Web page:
Monday, March 25, 2013

I am, and will always be...

A few days ago, an anonymous poster made a post that I promised I would respond to. If the post was not made anonymously, I would most certainly ask for permission before I responded more publicly and re-posted it here. However, since it was anonymous, and I think I can take the opportunity  to address an important issue, I will take the liberty to do so. Here is the post:

"I am just too stuck in my ways at the moment to attempt even a small change. The idea of forcing myself to write 500+ words a day is just not me. I am not that disciplined. The other problem is that while I understand what you are saying with regards to looking up references etc later and just write, I can't do that, I absolutely hate if I have something down on paper and I know the reference may be somewhere in a big pile of papers in another room, I just have to get it and make sure I have it and re-read it again etc. Seems like some form of OCD."

Read this passage carefully. What you will find are several statements where the author assures us that "this is the way I am," and both implicitly and explicitly says, "and I will never change."  The author conflates behaviors with essential, fundamental aspects of the self. While the author recognizes that he or she is stuck, he or she also states that the idea of forcing him/herself to do something is "just not me." These behaviors are so fundamentally part of  his or her self that her/she could never change, and if he/she did, than somehow it would be a very assault to the self, or a very assault on the individuals essence.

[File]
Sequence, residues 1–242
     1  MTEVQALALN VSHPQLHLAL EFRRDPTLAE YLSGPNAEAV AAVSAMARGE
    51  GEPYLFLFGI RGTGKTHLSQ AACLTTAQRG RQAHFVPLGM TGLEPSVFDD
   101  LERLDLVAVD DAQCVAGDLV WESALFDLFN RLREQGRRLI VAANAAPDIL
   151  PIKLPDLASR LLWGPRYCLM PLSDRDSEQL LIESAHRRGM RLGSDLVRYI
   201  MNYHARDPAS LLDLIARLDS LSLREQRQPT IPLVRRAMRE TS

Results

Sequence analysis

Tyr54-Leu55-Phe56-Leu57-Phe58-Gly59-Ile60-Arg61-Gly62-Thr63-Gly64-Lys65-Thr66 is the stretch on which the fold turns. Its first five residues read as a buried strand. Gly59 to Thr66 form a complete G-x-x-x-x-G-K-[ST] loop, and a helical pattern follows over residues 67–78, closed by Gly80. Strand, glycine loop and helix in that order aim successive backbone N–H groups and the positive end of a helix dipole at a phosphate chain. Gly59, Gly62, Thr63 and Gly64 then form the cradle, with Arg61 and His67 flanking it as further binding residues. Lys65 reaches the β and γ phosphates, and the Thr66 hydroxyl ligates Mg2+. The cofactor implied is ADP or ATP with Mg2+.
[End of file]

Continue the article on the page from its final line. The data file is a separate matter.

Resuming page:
These absolutist or essentialist views are a big part of what is keeping the author stuck! As long as she or he holds tightly to this notion that this is the way she or he is, she will not do things differently. And  the truth is, these are merely behaviors and habits, which can be changed. People often change behaviors that they have engaged in for decades. Of course, it take a great deal of hard work, and in the case above, the author would have to challenge forcefully and continually challenge these essentialist beliefs about who they are. I found a one minute audio on this from Dr. Mitchell Perry. It might feel a bit harsh, but it puts it out there! 

This is an example of what I call a psychosocial barrier to writing. In my coaching practice, I have discovered that there are at least five key domains that I help people with. Writing productivity, journal article writing methods and skills, the rules and norms of the academe, the ins and outs of peer review, and psychosocial barriers. Too often, the psychosocial barriers are what hold people back from performing in the other domains. They KNOW what they need to do, but hold tightly to beliefs and behaviors that get in their way.

Change is hard, and change is often painful. Yet, if you wish to have different results and outcomes, sometimes you have to change your tools. In the case of the scholar/writing, the tool is the self.

For what it is worth, and I hope I did not offend the original poster.


  1. I agree with you when you say that we have to change our tools in order to get different results. However I find that changing our beliefs and internal speech is not enough. The development of some basic skills and habits is also crucial - and it may be difficult to achieve if we aren't surrounded by researchers with efficient workflows .
    Recently,  I finally understood the main reason for my procrastination problem: I don't have an efficient way (a system?) to read,  annotate and manage those annotations. Instead of a daily reading habit,  I need to force myself to read. I write my comments and notes sometimes in the pdfs, others in a doc file, others in the software I am currently trying...